Palm boosts screens on new Tungstens

Palm Canada Inc. released a line-up of new products earlier this month, including two handheld devices geared towards mobile professionals and corporate users ranging in price from $299 to $599.

The Tungsten T3 handheld builds on Palm’s Tungsten T Bluetooth-enabled products line and, according to one Palm user, the most exciting element about this model is the screen.

“What I really like about [the T3] is the new 320 x 480 screen resolution. People who use Palm…have been waiting for that,” said Sean D. Evans, a programmer/analyst at Bell Mobility in Toronto. “Sony brought that out a couple of years ago and being an avid Palm user myself, I have been waiting for Palm to do it. So that excites me very much.”

Evans is currently using Palm’s Zire 71 handheld – which includes a wireless camera but no wireless connectivity – that he purchased in June, but said that if he had waited four more months he would have set his sights on the T3.

The T3 is compact when closed, but by pulling the handheld away from the centre at both ends, an extra area of screen is made available, said Janet Gillespie, director of marketing at Palm Canada in Mississauga, Ont. This allows for up to three additional columns and 11 more rows to be visible on the screen when using a spreadsheet application, she added.

The device is Palm’s first machine that supports a high-resolution colour screen and operates in both the traditional portrait view as well as landscape mode and is 50 per cent bigger than any other handheld Palm has made in the past, Gillespie said.

The T3 also has a status bar along the bottom of the screen which gives the user access to the device’s most important applications including a home page icon, a fast find function, a drop down menu and time display.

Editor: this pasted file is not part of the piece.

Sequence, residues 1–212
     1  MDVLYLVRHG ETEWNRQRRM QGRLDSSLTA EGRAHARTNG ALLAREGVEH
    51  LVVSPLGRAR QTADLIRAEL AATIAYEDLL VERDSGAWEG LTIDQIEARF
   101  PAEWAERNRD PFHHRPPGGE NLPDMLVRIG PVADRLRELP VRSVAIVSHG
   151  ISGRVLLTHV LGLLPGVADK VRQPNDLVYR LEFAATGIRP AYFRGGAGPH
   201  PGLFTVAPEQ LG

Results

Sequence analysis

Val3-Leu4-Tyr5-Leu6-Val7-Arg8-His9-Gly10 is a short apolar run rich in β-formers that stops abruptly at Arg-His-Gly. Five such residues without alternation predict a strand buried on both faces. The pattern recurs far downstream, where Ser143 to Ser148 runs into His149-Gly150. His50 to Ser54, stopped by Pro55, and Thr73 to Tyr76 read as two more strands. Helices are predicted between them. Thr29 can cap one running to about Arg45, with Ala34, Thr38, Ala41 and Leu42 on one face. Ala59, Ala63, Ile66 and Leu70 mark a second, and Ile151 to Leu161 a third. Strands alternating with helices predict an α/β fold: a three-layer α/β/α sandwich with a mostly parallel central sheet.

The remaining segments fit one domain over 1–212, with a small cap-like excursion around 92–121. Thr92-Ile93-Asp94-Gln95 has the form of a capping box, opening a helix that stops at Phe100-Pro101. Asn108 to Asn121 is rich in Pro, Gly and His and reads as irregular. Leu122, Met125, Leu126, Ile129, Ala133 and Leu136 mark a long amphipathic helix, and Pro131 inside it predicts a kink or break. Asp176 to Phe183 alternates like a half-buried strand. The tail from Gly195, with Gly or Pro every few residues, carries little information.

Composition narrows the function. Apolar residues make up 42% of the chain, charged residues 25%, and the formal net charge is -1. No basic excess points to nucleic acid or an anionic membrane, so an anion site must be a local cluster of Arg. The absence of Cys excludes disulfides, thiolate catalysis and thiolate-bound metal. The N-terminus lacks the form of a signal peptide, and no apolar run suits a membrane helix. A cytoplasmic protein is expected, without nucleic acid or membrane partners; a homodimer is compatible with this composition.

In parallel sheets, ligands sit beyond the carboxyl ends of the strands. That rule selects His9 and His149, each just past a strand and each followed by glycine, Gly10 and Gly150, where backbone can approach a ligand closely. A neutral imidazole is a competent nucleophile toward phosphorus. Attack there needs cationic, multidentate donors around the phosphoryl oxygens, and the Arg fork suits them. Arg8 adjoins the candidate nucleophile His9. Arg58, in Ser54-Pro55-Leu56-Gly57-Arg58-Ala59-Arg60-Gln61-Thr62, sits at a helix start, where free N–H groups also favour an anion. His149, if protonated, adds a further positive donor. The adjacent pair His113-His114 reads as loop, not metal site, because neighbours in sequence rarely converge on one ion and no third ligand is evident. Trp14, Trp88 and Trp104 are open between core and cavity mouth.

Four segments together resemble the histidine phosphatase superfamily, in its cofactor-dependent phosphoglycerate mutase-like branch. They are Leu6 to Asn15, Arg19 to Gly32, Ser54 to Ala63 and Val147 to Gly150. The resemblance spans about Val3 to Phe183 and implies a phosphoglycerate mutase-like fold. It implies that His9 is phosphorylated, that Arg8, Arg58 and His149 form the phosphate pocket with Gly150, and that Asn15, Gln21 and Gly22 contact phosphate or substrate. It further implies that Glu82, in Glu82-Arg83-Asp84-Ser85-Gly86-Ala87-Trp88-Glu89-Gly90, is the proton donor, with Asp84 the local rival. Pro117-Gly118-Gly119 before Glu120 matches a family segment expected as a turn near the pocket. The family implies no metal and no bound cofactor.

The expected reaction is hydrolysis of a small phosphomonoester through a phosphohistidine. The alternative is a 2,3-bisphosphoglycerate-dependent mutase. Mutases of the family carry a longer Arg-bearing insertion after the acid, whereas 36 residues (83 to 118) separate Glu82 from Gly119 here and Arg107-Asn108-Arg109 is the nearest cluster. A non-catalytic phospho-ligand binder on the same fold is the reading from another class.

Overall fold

Java technology is now available on the Tungsten line, according to Gillespie, including IBM’s WebSphere Micro Environment (WME) – a Java 2 platform Micro Edition (J2ME) software run-time – as well as thousands of existing Java applications.

Additionally, three million Java developers have been added to Tungsten’s developer community.

Gillespie said Palm has other models that are more focused on wireless connectivity – including the Tungsten C – but this handheld is geared toward a user who doesn’t need an “always on” wireless solution.

Evans said the T3’s $599 price tag is “fantastic” adding that he is very surprised by the price, since new devices usually come attached with more dollar signs.

“I remember the Tungsten T when it came out, I think it was $700. So I am very pleased to see that the price points are coming down. That definitely makes it worth looking at seriously,” Evans said.

The $299 Tungsten E is the newest entry-level product in the Tungsten line, Gillespie said. It is geared more towards mobile business professionals who want to buy a new handheld but are price-conscious, or for companies that are watching their pennies but want to equip workers with handhelds.

On the other end of the spectrum, the Tungsten E – which takes over from the Palm 5 – has no wireless or online capabilities, but boasts 320 x 320 high-resolution colour display, a Texas Instruments Inc. OMAP 311 ARM processor and 32MB of internal memory, Palm said.

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